[1] No. person operating a motor vehicle on any way shall run it at a rate of speed greater than is reasonable and proper, having regard to traffic and the use of the way and the safety of the public. [2] Unless a way is otherwise posted in accordance with the provisions of section eighteen, it shall be prima facie evidence of a rate of speed greater than is reasonable and proper as aforesaid (1) if a motor vehicle is operated on a divided highway outside a thickly settled or business district at a rate of speed exceeding fifty miles per hour for a distance of a quarter of a mile, or (2) on any other way outside a thickly settled or business district at a rate of speed exceeding forty miles per hour for a distance of a quarter of a mile, or (3) inside a thickly settled or business district at a rate of speed exceeding thirty miles per hour for a distance of one-eighth of a mile, or (4) within a school zone which may be established by a city or town as provided in section two of chapter eighty-five at a rate of speed exceeding twenty miles per hour. . . . [4] If a speed limit has been duly established upon any way, in accordance with the provisions of said section, operation of a motor vehicle at a rate of speed in excess of such limit shall be prima facie evidence that such speed is greater than is reasonable and proper.

(Docket Entry # 17, ¶ 11) (quoting section 17). Furthermore, Massachusetts General Laws chapter 90 (“chapter 90”), section 17C (“section 17C”), provides in pertinent part that a city council “that accepts this section . . . may, . . . without further authority, establish a speed limit of 25 miles per hour on any roadway inside a thickly settled or business district[2] in the city or town on any way that is not a state highway.” (Docket Entry # 17, ¶ 13) (citing section 17C).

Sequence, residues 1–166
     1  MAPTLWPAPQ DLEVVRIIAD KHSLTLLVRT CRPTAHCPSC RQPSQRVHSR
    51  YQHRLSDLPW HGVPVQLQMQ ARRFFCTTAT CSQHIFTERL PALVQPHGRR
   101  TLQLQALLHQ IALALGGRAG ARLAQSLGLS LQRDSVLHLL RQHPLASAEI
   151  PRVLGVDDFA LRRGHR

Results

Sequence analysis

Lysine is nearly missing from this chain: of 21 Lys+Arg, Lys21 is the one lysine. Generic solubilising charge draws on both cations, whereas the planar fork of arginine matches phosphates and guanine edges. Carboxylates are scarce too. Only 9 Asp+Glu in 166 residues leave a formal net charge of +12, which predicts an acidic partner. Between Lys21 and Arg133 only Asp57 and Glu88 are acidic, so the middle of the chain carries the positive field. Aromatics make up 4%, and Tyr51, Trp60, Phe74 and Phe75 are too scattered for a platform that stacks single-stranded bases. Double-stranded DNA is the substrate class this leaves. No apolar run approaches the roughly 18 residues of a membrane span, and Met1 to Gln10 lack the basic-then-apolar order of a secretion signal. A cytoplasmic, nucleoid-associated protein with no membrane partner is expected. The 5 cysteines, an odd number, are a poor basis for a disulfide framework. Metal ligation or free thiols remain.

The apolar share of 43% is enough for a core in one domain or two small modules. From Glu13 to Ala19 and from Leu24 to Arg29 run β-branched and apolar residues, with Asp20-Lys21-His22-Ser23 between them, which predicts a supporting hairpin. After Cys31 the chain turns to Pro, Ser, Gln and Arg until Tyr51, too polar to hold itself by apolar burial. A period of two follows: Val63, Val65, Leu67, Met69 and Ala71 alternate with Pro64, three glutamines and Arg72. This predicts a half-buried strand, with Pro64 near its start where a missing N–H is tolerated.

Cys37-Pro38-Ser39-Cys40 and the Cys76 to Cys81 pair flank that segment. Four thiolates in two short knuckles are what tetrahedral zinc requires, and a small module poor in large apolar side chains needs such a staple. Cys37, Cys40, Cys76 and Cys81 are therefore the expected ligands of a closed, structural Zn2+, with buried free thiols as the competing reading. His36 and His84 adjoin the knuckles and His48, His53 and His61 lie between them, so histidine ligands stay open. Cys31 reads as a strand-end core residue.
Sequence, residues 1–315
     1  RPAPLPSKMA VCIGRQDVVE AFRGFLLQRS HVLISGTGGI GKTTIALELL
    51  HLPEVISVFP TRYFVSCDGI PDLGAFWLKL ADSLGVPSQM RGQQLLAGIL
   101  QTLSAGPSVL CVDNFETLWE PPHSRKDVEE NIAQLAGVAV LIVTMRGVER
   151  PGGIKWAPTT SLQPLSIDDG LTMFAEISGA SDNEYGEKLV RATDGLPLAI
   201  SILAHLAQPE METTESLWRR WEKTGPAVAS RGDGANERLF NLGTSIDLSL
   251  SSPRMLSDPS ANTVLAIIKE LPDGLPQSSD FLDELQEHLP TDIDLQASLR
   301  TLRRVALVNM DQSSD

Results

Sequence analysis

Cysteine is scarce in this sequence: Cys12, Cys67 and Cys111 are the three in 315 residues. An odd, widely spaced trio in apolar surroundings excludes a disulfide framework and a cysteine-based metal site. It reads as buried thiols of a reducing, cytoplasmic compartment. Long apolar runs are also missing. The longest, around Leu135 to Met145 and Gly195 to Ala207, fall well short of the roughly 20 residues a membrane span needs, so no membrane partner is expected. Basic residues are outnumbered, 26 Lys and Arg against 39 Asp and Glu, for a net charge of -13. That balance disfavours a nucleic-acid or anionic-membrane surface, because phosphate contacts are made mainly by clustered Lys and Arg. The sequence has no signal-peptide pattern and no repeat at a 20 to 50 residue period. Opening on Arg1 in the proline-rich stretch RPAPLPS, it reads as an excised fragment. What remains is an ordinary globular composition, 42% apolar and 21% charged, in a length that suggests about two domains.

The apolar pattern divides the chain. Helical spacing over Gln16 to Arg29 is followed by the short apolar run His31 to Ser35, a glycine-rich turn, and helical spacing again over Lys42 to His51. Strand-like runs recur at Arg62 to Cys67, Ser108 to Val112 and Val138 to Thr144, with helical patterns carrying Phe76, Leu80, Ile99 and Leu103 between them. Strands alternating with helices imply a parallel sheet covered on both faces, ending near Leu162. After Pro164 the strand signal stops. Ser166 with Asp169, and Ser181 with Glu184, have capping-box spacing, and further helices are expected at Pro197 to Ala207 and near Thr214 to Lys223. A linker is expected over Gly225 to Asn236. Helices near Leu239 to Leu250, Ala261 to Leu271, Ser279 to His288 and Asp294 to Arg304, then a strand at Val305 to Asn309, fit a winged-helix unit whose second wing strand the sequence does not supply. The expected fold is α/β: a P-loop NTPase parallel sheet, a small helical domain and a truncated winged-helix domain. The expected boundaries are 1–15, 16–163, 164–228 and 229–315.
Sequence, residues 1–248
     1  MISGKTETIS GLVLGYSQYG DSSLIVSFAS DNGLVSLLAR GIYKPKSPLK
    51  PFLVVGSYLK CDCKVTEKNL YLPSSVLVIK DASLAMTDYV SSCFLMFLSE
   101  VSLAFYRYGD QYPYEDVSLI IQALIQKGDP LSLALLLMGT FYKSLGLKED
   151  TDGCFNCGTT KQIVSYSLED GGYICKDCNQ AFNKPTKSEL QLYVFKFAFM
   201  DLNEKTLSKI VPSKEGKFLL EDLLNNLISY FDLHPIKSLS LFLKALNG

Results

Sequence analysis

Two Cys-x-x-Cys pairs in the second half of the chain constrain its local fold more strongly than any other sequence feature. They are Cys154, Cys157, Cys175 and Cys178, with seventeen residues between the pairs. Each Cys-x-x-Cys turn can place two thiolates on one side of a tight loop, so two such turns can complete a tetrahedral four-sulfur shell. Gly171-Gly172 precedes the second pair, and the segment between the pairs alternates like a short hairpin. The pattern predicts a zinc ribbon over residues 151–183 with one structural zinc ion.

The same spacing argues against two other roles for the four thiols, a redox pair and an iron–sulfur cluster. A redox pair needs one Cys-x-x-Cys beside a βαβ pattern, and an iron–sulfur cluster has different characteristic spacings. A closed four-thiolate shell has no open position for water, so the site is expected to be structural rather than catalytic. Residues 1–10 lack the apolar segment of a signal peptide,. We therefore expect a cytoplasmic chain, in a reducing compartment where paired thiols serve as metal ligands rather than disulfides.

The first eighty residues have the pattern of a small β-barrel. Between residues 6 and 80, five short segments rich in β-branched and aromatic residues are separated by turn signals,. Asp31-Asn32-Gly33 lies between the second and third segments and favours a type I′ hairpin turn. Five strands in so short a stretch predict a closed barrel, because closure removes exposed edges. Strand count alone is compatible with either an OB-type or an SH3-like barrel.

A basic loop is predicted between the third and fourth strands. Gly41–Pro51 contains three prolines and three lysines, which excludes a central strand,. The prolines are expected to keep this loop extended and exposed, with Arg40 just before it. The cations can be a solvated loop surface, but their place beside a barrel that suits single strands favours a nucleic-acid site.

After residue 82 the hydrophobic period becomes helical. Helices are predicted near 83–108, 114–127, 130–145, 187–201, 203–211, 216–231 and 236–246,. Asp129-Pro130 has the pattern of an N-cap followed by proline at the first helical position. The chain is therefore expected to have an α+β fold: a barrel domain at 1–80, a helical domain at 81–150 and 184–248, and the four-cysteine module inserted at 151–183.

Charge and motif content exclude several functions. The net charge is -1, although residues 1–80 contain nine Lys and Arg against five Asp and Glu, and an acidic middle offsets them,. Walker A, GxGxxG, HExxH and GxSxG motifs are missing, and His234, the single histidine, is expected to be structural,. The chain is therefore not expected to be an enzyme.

“In contrast, G.L. c. 90, § 18, permits the imposition of a different speed limit so long as certain procedures are followed.” Hingham Police Dep't, 2012 WL 1689189, at *1. It states in pertinent part that “‘[n]o such Special Speed Regulation shall be effective until there shall have been erected . . . signs, conforming to standards adopted by the department, [3] setting forth the speed or other restrictions established by the regulation.'” (Docket Entry # 17, ¶ 7) (quoting section 18).

         Based on the enabling authority in section 18, the MassDOT Highway Division promulgated regulatory standards entitled “Procedures for Speed Zoning on State and Municipal Roadways” (“MassDOT Roadway Procedures”) (Docket Entry # 17, ¶ 8) (Docket Entry # 17-1). With respect to the laws governing speed regulations, it states in pertinent part:

Sections 17, 17A, 17C, 18, and 18B of Chapter 90 of the Massachusetts General Laws (MGL) govern speed limits on all streets and highways throughout the Commonwealth . . .. In addition, MassDOT and all municipalities are required by MGL § 2 to conform to the Manual on Uniform Traffic Control Devices (MUTCD) for the posting of all regulatory and warning signage, including speed limit signs, on all streets and highways.

(Docket Entry # 17, ¶ 8(a)) (Docket Entry # 17-1, p. 1). With respect to the classification of speed limits, it states in pertinent part:

Under satisfactory operating conditions, speed limits can be classified into two different categories: regulatory (posted) speed limits and statutory (unposted, with some exceptions) speed limits. MGL c. 90 §§ 18 and 18B establish the requirements for posting regulatory speed limits. MGL c. 90 §§ 17, 17A, and 17C cover the criteria for statutory speed limits.

(Docket Entry # 17, ¶ 8(b)) (quoting Docket Entry # 17-1, pp.

         2). Finally, with respect to regulatory speed limits, the MassDOT Roadway Procedures states in pertinent part:

“A regulatory speed limit is one that has completed a thorough traffic engineering study, has a Special Speed Regulation that has been signed by the roadway owner, the Registry of Motor Vehicles, and the MassDOT Traffic & Safety Engineering Section, and has the appropriate numerical speed limit signage erected to clearly define the special speed zones. . . . With exception to Safety Zones as noted in Section 9.c, the establishment of a regulatory speed limit must ...